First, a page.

Premiers Focused on Expanding International Trade and Relationships

Additionally, Premiers discussed the ongoing softwood lumber dispute with the U.S. Tariffs on Canadian softwood have increased lumber prices in the U.S., and are needlessly driving up the cost of new single-family homes and creating ongoing economic difficulties for forest-dependent communities. Companies, workers and communities that depend on the forest industry continue to be impacted by softwood lumber duties. The urgency of getting a durable solution to this problem has been heightened over the past year as lumber prices have fallen dramatically, and more and more communities have seen their mills curtailed or permanently shut, with many more on the edge of having to close. Premiers call upon the federal government to redouble diplomatic efforts in Washington to get to a fair negotiated settlement to the dispute while protecting those provinces with current exclusions. In addition to this redoubled diplomatic effort, Premiers call upon the federal government to work with provinces and territories to provide adequate measures to ensure the long-term success of a more diversified industry, and provide needed supports to affected workers, families and communities including Indigenous communities.

Premiers discussed the recent threats by the State of Michigan to shut down the Line 5 pipeline that has operated safely for more than six decades. They expressed support for working together to engage with Michigan and other U.S. states to ensure the continued safe operation of the Line 5 pipeline.

Premiers also discussed the Canada-United States-Mexico Agreement (CUSMA). They called on the federal government to provide a clear commitment on its plans and timelines to financially compensate sectors that will be negatively impacted by CUSMA, and for compensating provinces and territories for costs related to the extension of data protection for biological drugs. The federal government needs to provide compensation for CUSMA market access concessions in the near future.

Expanding and Diversifying International Trade
International exports account for about one-third of GDP and one-in-six Canadian jobs. Canadians and their governments can build on this by taking advantage of opportunities for diversification opened up by recent free trade agreements such as: the Comprehensive and Progressive Agreement for Trans-Pacific Partnership (CPTPP), the Canada-European Union Comprehensive Economic and Trade Agreement (CETA) and the Canada-Korea Free Trade Agreement (CKFTA).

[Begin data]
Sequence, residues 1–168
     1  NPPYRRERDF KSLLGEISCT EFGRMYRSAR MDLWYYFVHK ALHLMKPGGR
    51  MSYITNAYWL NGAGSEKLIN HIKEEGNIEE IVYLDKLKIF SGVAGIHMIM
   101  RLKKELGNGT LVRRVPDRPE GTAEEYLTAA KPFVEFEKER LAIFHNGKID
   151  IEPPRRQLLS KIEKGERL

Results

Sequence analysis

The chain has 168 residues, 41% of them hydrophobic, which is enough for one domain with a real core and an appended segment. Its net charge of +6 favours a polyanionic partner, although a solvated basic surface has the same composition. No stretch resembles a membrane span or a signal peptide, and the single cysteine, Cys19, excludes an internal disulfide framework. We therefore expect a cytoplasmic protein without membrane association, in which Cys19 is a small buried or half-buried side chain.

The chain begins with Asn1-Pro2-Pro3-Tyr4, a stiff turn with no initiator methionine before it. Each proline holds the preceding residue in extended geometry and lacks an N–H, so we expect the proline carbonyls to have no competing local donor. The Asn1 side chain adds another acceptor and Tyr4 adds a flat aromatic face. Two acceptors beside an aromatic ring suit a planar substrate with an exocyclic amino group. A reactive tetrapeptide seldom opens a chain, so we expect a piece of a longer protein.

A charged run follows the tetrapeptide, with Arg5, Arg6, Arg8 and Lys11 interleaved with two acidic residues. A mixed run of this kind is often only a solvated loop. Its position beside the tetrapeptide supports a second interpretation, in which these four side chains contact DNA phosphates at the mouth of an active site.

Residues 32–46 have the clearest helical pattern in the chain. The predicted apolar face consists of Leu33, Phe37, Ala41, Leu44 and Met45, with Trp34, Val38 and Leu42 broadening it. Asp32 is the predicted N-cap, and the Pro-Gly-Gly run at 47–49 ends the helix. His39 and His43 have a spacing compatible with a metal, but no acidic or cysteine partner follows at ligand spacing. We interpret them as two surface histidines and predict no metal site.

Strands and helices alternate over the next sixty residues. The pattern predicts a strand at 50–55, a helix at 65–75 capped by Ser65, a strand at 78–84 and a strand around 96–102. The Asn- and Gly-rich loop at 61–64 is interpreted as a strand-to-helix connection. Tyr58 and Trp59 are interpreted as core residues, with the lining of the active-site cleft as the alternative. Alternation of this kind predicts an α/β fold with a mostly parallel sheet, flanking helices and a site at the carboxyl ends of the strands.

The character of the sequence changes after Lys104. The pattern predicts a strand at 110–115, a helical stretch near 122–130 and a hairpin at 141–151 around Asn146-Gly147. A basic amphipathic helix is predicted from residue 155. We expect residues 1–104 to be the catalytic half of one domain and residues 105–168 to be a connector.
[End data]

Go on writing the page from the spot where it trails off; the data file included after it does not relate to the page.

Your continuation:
Premiers encouraged the federal government to continue to expand and diversify Canada’s trade partnerships, consistent with its inclusive trade agenda, with additional trading blocs such as MERCOSUR and ASEAN. The federal government must actively and meaningfully engage provinces and territories to ensure that provincial/territorial interests are fully represented in current and future trade negotiations.

Premiers are committed to support the federal government’s efforts on this front. Two proposed COF led international missions are under consideration. The first is a mission to key markets in the European Union to support further ratification of CETA and build on existing trade relationships. Premiers will also explore the opportunity to participate in next year’s National Governors Association Winter Meeting.

Premiers shared concerns about ongoing market access issues such as restrictions imposed on canola seed, pork and beef exports to China as well as pulse exports to India. Canadian producers are being harmed due to circumstances beyond their control. Premiers support the federal government in its work to expand international trade, and called for all appropriate actions to be taken to have these issues resolved in order to restore certainty for Canadian workers and businesses. They further called on the federal government to provide support for sectors affected by such issues. Premiers also look forward to receiving details on compensation for the agricultural supply managed sector under CPTPP and CETA, as announced in the last federal budget.

Relationships with China remain a priority for Canadian Premiers. China is Canada’s second-largest trading partner, an important market for Canadian businesses and a key source of investment. Provinces and territories will continue to constructively engage with their Chinese partners, clients and investors to grow the Canadian economy. Premiers are committed to open, transparent and rules-based trading relationships and will continue to look for ways to move forward that best protect all facets of the interests of their respective citizens.